Lastly, and this one I am still working on was whether or not to charge for tastings.  I started out doing free tastings and allowed the client to select 3 cake flavors and 2 fillings to try.  Again, this made me miserable because on top of my orders, I now needed to make extra cake flavors/fillings just for tastings instead of just using what I was already making that week.  On top of that, since I wasn't charging, I had several no-shows.  At the same time, I saw this as part of purchasing a wedding cake.  So I compromised on this one.... I offer 2 types of tastings:  Baker's Choice... it is exactly what it sounds like... I choose what to bring and I don't charge for it since I don't have to prep anything outside of what I am already prepping for the week. The other option is Bride's Choice, which allows the couple to choose 3 cake flavors and 2 fillings to try.  This type of tasting costs $25 and helps offset the cost and time of producing a tasting plate tailored to them.  Most folks pick the complimentary tastings, so it has really worked well thus far.  I still have no shows occasionally, but not enough to start charging for every tasting.

For those of you in the business, do you charge for tastings?  For customers, would you or did you pay for your tasting?

Monday, March 5, 2012

Advertising: What's the best bang for your buck? Part 2

So last time I blogged about advertising, I talked about my thought process behind paid advertising, but what can one do with little to no advertising budget?  Here are some thoughts... and while I tailored them to my business a bit, they really apply to any business.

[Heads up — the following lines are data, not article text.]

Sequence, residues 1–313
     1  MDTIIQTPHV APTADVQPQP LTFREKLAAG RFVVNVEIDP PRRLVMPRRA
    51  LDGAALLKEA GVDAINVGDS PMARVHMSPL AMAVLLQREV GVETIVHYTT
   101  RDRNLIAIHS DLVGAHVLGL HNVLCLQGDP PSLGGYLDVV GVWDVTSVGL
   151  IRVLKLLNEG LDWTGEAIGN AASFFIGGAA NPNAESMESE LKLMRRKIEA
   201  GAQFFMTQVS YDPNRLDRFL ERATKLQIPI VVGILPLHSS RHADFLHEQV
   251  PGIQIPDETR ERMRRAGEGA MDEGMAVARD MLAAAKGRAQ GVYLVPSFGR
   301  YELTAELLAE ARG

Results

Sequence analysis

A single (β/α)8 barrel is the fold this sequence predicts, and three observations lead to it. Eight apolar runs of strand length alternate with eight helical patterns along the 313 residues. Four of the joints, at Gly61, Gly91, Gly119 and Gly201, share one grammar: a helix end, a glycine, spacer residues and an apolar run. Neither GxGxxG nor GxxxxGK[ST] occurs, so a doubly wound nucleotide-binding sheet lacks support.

- VISTAPRINT - If you haven't checked this site out, you need to... NOW!  Go ahead... I will wait... I will even play the jeopardy music... ok... You back?  Great!  As you just saw or already know Vistaprint is a great way to get inexpensive marketing materials.  And no, they aren't as fancy as hiring a professional printing company, but this is a blog post on advertising on the cheap.  My point gets the job done and doesn't break the bank.

- The Internet - In my opinion, no matter how big or small, new or old your business is, you need a website.  It always floors me to see businesses, especially those that do artistic/custom work, not have a website.  Again, it doesn't need to be fancy, it just needs to be organized, easy to navigate, and contain the important information most customers are looking for.

In addition to having your own website, you can also search for directory-like websites and put your information on them as well.  Most will charge for a "featured" listing, but many will allow you to list your business for free.  You probably won't get much, if any, business directly from this, but you never know how someone will find you.